Pet owners are often nervous or reluctant about their furry companions going under anesthesia. As pet lovers ourselves, we can empathize with your concerns, but rest assured—Animal Hospital of Stoney Creek subscribes to the highest anesthesia and surgical safety standards. Let us show you how we care for your pet before, during, and after anesthesia.
What is anesthesia for pets?
Anesthesia is defined as a state of unconsciousness and an insensibility (i.e., unawareness) to pain achieved through medication. General (i.e., full) anesthesia is controllable and reversible and acts on the central nervous system (i.e., brain and spinal cord) to suppress outside stimuli, including pain and physical manipulation, as well as the pet’s memory.
Anesthetized pets are asleep and physically relaxed, so that appropriate care measures can be safely performed.
What is sedation for pets?
Sedation is a form of anesthesia and a component of general anesthesia, and is ideal for brief, minor, or non-sterile procedures, such as wound repair, orthopedic imaging (i.e., X-rays), and aggressive or fearful pet exams. Sedatives are generally short-acting and quickly wear off or can be reversed when the procedure is complete. Sedatives are combined with pain relieving (i.e., analgesic) medications to ensure the patient remains comfortable and relaxed.
Why and when is anesthesia necessary for my pet?
Anesthesia protects the pet and the veterinary team. Anesthetized pets experience a stress-free and painless sleep-like rest while veterinarians and technicians perform sterile, painful, or invasive procedures without worrying about the patient moving, reacting, or hurting themselves.
At the Animal Hospital of Stoney Creek, we use anesthesia every day for various patient care tasks, including:
- Diagnostic sampling
- Imaging (e.g., X-rays, ultrasound)
- Dental procedures
- Minor procedures (e.g., toenail amputation, wound repair, splint application)
Does anesthesia put pets at any risk?
Like any medical procedure, anesthesia has inherent risks, but advances in anesthetic protocols, medications, and monitoring have significantly reduced the risk for anesthetic complications or death. One study that included more than 98,000 pets determined an overall (i.e., healthy and sick pets) anesthetic death rate of only 0.15% in dogs and 0.23% in cats.
While anesthesia is relatively safe, some risk factors can predispose pets to anesthetic complications. These factors include:
- Obesity — Overweight pets have reduced cardiac output and respiratory restrictions, and may struggle to maintain oxygen levels during recovery.
- Breed — Sighthound breeds are sensitive to anesthesia, while brachycephalic pets may have respiratory challenges. Small pets are at risk for hypoglycemia and hypothermia while under anesthesia.
- Age — Young and old pets have altered metabolism, immune health, and organ function.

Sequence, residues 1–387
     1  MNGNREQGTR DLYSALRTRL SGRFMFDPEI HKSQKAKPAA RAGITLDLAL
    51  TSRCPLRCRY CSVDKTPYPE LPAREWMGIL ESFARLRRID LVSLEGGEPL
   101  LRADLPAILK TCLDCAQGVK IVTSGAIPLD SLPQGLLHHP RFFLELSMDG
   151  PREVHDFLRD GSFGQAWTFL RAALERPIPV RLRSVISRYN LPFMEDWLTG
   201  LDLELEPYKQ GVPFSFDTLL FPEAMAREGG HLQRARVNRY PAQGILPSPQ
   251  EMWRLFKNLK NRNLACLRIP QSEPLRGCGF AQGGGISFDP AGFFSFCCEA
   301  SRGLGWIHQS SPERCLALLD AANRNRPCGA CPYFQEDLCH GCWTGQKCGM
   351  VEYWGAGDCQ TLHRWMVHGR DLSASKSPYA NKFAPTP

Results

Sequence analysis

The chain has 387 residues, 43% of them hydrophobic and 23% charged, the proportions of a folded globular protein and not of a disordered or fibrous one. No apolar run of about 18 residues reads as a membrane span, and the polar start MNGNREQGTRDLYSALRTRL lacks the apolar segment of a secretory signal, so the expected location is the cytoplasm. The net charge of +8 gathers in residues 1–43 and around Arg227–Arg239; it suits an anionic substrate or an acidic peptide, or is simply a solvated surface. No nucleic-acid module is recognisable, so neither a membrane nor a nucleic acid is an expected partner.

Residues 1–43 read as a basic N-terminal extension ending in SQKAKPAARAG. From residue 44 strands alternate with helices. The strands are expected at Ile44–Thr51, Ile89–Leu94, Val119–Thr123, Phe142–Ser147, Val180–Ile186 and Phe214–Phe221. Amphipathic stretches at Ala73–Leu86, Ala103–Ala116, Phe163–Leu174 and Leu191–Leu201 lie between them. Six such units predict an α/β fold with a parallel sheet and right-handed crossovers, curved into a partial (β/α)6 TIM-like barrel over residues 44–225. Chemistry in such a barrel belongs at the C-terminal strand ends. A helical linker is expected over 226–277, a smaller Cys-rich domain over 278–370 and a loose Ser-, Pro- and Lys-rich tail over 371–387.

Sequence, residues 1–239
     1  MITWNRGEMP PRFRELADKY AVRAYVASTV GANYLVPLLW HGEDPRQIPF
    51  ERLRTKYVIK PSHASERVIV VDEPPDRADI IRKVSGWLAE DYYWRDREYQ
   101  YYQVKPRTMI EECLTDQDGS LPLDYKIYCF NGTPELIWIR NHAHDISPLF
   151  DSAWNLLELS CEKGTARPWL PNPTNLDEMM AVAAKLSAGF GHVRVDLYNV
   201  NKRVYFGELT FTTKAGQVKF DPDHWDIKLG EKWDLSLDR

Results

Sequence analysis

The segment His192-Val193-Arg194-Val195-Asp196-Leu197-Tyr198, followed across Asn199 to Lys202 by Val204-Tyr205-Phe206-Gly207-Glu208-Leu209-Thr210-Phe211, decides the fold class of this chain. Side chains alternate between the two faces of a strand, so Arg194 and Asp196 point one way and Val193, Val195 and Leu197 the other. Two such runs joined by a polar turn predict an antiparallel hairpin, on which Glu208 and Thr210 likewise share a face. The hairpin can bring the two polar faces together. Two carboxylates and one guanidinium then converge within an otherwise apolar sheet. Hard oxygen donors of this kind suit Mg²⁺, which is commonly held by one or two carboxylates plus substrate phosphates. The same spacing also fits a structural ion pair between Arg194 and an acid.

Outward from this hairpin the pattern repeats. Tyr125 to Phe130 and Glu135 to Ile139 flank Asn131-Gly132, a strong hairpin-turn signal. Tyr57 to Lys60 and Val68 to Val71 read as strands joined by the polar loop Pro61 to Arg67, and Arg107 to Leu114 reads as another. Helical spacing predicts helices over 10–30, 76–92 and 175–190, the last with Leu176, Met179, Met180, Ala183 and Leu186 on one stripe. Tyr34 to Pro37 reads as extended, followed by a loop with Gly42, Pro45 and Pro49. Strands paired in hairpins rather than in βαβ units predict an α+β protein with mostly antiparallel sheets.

- Health — Concurrent conditions, especially those involving the heart, kidneys, and nervous system, may affect your pet’s ability to handle anesthesia.
What safety measures protect my pet under anesthesia?
The Animal Hospital of Stoney Creek team is dedicated to providing the safest, most advanced veterinary anesthesia. Our veterinarians routinely evaluate their anesthetic protocols based on the most current research to ensure a smooth and safe experience for every pet. Our commitment to anesthetic safety begins before your pet receives any medication, and continues until they are completely recovered. Here’s a glimpse at some of our anesthesia safety measures:
- Preanesthetic examination and testing — Before the procedure, our team will perform a nose-to-tail examination as well as blood work to ensure your pet is healthy enough for anesthesia, and to determine their best medications. Our veterinarian may also recommend a urinalysis or chest X-rays.
- Premedication — Our anesthetic protocol begins with a light sedative and analgesic combination to help your pet relax. Premedication ensures your pet won’t feel any pain or discomfort during the induction process and allows us to reduce the doses of other medications. Premedication applies only to general anesthesia.
- Intubation — Once your pet is sleepy, the technician team will administer the anesthetic medication intravenously and then place an endotracheal tube in your pet’s airway to maintain a steady flow of oxygen and inhalant anesthesia.
- IV fluid therapy — If needed, we’ll administer IV fluids to support your pet’s blood pressure and kidney function.
- Dedicated anesthetist — Each patient is assigned their own dedicated technician anesthetist who provides monitoring and nursing support throughout the procedure and recovery.
- Heat support — Anesthetized pets can’t regulate their body temperature, so we provide gentle heat support with cozy blankets and devices that circulate warm air or water.
- Monitoring — Your pet’s veterinary technician uses our state-of-the-art monitoring equipment to continuously monitor your pet’s vital signs and to support your pet. They will notify our veterinarian immediately if they detect an abnormality.
- Recovery — Anesthetic recovery can be a tenuous time for pets—and, unfortunately, when anesthetic death most commonly occurs. Each patient at the Animal Hospital of Stoney Creek receives continuing one-on-one care and monitoring until they are awake, responsive, and can maintain their body temperature. After that, monitoring—including pain assessment—continues, but at longer intervals so the patient can rest.
If you have specific questions about your pet’s anesthesia, talk to the Animal Hospital of Stoney Creek team. We strive to ensure you are comfortable and confident about your pet’s veterinary care—and that begins with a thorough understanding of the anesthesia process. Contact us for more information.